Unusual hardware problems

A few months ago, my computer started freezing up completely for no apparent reason. It happened originally in Microsoft setup programs in Win95, and in Word97 in NT4, and on boot up in Linux.
After several days of trying to solve this, I disabled the CPU internal cache in BIOS. The system no longer crashed, but ran like a 486 (It's a P150 with Gigabyte HX motherboard, Grafixstar 600 and 32MB RAM). I then sent the CPU away for replacement, thinking the cause to be a broken cache. The replacement did the same thing.

The next thing was to UNDER-clock the CPU to a P120, thinking that if going slower made it work then this might be a good test. It does work now, but at P120 speed, and with occasional lockups in:
Carmageddon demo
Duke3D and Blood setup
Doom won't start in Win95

Also, I bought a new modem yesterday. It's one that takes processing power from the CPU, so is about half the price. It works fine on a friends machine, but on mine, when I boot up with it in, the screen stays blank, with not even the monitor power light on. The system does the self check and then stops, from what I can tell from the disk noise.

As it stands, the system is usable, but slower than I'd like, and with some irritating habits. And I can't use my brand new 33.6K modem either, so help would be much appreciated.
Thanks
jhubbardAsked:
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henrieCommented:
Your system improved by lowering your busspeed (66-60MHz). This could identify one of your controllers isn't functioning properly anymore. Also mem acces and other speeds are lowered.
Adding your modem and after that not being possible to boot, certainly says something about your busspeed settings or a load to high on your databus.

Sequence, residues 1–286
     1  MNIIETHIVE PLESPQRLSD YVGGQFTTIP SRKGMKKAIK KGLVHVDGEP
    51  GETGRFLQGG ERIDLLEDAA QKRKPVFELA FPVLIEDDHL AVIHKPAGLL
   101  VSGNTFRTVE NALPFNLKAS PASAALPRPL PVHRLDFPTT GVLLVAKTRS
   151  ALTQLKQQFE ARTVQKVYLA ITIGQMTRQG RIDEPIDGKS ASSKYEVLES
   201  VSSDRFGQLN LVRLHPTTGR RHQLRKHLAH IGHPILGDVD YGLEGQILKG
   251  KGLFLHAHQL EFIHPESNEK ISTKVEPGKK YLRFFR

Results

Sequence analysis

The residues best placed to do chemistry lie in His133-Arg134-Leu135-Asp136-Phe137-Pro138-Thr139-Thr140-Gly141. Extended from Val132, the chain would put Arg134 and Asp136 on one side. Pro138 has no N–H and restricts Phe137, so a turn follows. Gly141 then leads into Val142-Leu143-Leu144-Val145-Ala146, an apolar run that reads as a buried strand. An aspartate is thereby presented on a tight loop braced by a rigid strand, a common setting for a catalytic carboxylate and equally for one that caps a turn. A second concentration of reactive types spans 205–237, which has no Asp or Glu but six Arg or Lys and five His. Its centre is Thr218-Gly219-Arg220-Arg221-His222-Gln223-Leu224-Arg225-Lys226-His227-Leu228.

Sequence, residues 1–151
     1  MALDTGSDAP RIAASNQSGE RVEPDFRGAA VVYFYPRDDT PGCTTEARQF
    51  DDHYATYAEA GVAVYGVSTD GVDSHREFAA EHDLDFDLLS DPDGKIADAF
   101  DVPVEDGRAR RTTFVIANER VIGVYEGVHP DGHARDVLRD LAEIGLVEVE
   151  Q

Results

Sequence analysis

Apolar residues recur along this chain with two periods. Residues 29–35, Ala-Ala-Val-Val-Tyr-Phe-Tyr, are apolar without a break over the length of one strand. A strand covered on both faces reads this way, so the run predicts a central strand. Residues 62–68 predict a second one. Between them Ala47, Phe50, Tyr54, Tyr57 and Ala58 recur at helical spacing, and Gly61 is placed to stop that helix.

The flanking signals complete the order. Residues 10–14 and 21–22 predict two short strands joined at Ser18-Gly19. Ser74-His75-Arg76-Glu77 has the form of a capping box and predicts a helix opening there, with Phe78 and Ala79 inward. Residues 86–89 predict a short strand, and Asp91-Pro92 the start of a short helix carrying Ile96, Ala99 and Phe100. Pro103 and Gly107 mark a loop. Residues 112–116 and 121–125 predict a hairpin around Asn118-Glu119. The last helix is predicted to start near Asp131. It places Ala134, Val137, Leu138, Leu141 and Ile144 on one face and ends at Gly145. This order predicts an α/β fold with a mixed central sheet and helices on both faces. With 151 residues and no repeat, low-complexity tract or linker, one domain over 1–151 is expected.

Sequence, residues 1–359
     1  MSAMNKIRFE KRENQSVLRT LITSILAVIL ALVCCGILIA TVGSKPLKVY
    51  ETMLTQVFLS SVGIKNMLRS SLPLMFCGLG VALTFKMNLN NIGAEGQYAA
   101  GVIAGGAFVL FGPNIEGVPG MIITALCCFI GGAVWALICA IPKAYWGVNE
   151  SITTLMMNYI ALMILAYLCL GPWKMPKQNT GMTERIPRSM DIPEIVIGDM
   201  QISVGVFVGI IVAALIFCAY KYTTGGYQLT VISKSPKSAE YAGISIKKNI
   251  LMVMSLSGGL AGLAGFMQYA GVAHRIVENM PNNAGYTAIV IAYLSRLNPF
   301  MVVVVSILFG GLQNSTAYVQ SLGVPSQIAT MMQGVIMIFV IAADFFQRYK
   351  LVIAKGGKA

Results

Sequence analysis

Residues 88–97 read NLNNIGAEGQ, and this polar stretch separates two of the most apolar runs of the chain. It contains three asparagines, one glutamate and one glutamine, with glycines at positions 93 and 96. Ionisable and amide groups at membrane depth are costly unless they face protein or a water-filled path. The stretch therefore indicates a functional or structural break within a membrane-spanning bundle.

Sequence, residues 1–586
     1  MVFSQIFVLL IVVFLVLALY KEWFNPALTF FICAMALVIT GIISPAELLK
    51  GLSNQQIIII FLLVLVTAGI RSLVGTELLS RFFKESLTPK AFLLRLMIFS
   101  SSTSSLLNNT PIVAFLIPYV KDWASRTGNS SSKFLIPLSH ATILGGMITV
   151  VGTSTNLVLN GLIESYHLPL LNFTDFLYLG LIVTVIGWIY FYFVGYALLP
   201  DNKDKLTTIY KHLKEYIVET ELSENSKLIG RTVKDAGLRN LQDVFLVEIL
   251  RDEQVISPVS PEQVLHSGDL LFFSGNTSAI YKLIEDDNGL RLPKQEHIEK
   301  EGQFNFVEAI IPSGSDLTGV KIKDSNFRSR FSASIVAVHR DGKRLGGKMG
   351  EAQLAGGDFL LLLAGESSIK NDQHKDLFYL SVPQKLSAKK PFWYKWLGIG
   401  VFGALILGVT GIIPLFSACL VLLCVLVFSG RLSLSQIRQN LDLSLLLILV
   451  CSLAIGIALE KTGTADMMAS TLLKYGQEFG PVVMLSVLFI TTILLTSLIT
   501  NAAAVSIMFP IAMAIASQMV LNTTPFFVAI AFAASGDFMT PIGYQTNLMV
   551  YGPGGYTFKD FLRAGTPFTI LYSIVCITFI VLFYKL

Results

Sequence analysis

You'll have to check your BUS-timings set in your BIOS.
What happens when you only install 16MB of RAM?
Disabling internal cache does influence your secundary cache. What happened when you disabled secundary cache?

What once was a working system and now is unstable, also could point out to a defective power supply (also when we keep in mind modems use several supply lines with different voltage)

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jhubbardAuthor Commented:
I bought a new case about a month ago, so there's a new power supply in it since it first went wrong. I tried disabling the external cache, which didn't make a difference. I also tried a cache checker program, which showed up no faults.
I tried my memory in someone elses machine, and it worked fine. Also, isn't going from 150 to 120 a matter of the clock multiplier, rather than bus speed? I don't know that much about it, but multiplying in my head gives this answer. Could my multiplier chip on the MB be broken, if there is such a thing?
I can't remember if I tried altering the bus speeds, but I'll certainly give it another try.
Thanks
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jhubbardAuthor Commented:
Well, I tried the bus timings and other options (they're the ones that go 222/333 and such, right?), and still no joy.

One thing, I already have a modem (14.4, which is why the new one), and that works fine. The difference between the 2 is that the new one uses the CPU.
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henrieCommented:
You are right about the multiplier, I was thinking you lowered from 133 to 120 MHz, which means the same multiply, but another clockspeed. When I reread your question, I saw that is was 150 to 120MHz, so you have indeed the same clock as before (60MHz).
So when the rest of your system is the same, and lowering your CPU-speed gives more stability, it must indicate a problem with DMA, mem i/o peripherals or an unstable CPU Voltage Regulator Module, all present on your M/B.
I think we've run out of options here and it looks like the only option is replacement of your M/B :(
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jhubbardAuthor Commented:
Thanks Henrie, I'll take it up with my MB supplier.
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